Recriminations against the Securities and Exchange Commission arise from allegations it has made (complaint here) that Mr. Madoff operated a large-scale Ponzi scheme involving tens of billions of dollars over perhaps decades and bilking scores of sophisticated parties. SEC critics include prominent securities law professors Jim Cox (Duke) (SEC may “have a hell of a lot to answer for”) and Joel Seligman (Rochester) (“a debacle for the SEC”).

Critics express concern that the SEC may have failed to investigate investor tips (see Wall Street Journal story here); failed to regulate sufficiently Madoff’s investment advisory services or fund vehicles; or failed to enforce existing regulations. Calls are for both investigation and greater regulation, many pinning hope on the incoming Obama administration to institute such searching and effect requisite change.

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Oversight Panel Report Grim, Tough, Inviting


Americans are being formally invited to participate in discussingthe ongoing federal program to stabilize the country’s economy. The invitation is by the five-member panel Congress created to oversee the program’s implementation. The panel also issued its first report yesterday, signed by the panel’s Chair, Harvard Law Professor Elizabeth Warren, plus AFL-CIO Associate General Counsel Damon Silvers and New York Superintendent of Banking, Richard Neiman. (One panel member, Rep. Jeb Hensarling of Texas, voted against issuing the report and the fifth panel seat is vacant.) The report contemplates asking ten tough questions about the program that give a sense of its tenor:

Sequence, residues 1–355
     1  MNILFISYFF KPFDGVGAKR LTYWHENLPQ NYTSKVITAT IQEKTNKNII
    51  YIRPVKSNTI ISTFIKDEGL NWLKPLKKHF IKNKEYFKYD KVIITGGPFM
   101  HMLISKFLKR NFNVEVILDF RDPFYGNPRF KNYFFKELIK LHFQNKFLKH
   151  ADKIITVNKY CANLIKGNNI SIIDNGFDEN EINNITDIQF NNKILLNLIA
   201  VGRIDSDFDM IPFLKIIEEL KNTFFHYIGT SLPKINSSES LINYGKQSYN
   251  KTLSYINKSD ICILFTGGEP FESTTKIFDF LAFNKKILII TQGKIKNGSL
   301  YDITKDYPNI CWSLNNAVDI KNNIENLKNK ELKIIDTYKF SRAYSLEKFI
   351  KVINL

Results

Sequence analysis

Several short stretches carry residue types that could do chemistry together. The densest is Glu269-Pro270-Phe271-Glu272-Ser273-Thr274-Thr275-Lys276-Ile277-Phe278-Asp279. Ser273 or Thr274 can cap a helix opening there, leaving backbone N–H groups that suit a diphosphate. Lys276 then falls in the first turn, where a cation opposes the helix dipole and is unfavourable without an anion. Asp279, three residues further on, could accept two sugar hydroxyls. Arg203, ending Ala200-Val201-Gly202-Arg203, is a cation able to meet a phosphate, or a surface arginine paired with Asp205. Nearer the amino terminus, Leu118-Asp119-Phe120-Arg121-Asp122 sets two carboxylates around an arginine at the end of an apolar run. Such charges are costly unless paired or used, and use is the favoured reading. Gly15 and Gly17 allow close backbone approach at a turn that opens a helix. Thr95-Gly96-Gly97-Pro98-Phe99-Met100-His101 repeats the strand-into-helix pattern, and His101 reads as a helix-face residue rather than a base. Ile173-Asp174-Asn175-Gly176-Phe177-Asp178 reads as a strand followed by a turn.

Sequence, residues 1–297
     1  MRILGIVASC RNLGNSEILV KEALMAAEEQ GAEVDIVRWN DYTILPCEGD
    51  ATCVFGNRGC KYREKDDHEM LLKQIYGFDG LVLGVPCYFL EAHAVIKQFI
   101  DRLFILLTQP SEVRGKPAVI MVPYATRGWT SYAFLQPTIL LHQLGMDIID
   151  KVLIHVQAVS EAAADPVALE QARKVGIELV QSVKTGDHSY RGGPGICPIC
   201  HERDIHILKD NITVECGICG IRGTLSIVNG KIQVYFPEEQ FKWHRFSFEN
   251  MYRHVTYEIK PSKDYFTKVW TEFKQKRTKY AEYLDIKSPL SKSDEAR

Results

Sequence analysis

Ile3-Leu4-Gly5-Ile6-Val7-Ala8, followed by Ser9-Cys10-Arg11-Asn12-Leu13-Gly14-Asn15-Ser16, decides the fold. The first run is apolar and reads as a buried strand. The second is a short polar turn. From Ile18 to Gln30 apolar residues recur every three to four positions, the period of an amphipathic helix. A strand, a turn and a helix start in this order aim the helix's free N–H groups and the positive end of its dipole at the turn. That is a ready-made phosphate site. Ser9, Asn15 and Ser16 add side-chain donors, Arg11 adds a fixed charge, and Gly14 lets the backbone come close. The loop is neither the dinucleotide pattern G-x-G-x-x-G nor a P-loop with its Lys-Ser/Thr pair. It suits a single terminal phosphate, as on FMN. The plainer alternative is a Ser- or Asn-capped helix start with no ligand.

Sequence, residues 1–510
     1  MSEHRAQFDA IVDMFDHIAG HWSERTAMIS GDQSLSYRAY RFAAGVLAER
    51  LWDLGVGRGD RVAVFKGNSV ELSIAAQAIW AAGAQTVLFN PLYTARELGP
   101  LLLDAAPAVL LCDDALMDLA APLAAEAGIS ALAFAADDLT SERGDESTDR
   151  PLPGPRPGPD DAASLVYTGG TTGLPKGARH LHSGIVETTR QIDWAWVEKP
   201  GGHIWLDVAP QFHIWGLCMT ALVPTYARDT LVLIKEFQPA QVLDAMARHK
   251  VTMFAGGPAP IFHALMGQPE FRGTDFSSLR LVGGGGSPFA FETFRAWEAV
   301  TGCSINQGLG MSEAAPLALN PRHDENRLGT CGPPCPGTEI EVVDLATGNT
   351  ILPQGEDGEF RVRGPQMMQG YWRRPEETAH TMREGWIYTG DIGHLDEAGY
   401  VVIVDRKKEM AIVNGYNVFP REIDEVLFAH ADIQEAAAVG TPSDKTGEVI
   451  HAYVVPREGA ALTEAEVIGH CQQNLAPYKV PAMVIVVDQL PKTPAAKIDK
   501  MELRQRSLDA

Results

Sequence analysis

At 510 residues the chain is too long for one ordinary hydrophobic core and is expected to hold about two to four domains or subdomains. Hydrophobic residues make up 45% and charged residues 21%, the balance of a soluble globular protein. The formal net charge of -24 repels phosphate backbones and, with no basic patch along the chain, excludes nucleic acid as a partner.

1. What is Treasury’s Strategy?

2. Is the Strategy Working to Stabilize Markets?

3. Is the Strategy Helping to Reduce Foreclosures?

4. What Have Financial Institutions Done With the Taxpayers’ Money Received So Far?

5. Is the Public Receiving a Fair Deal?

6. What is Treasury Doing to Help the American Family?

7. Is Treasury Imposing Reforms on Financial Institutions that are taking Taxpayer Money?

8. How is Treasury Deciding Which Institutions Receive the Money?

9. What is the Scope of Treasury’s Statutory Authority?

10. Is Treasury Looking Ahead?

The report’s further tenor can be gleaned from its Introduction, which is very sobering indeed, and excerpted below (with footnotes omitted and emphasis added).

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Sloppy, Inconsistent Federal Corporate Governance

Sausage Image.jpg

Lawmaking is a sloppy spectacle, perhaps especially amid crisis like now when Congress offers conditional financial assistance to save private banks and car makers. It is possible that once the entire process is complete a coherent law will result. So far, Congressional actions are not encouraging—and may worry even those scholars and policy analysts who may generally prefer moving from state-by-state corporate law production to a federal corporate law regime.

First, there appears to be no principled basis to distinguish the federal corporate governance conditions proposed to be imposed on the auto industry under the House bill (HR 7231) voted up yesterday and the comparatively loose conditions imposed on the financial industry under the economic stabilization act passed two months ago.

Principal examples are limitations on dividends (to be imposed on car makers but not on banks), limitations on corporate jets (car makers can’t own or lease them but banks can) and limitations on executive compensation (stringent for Detroit, weak for financiers).

Second, the draft House bill has some internal inconsistencies and provisions that are redundant because they already exist in federal law. These concern standards for executive compensation and corporate governance to be specified by a Presidential designee. 12(b)(2).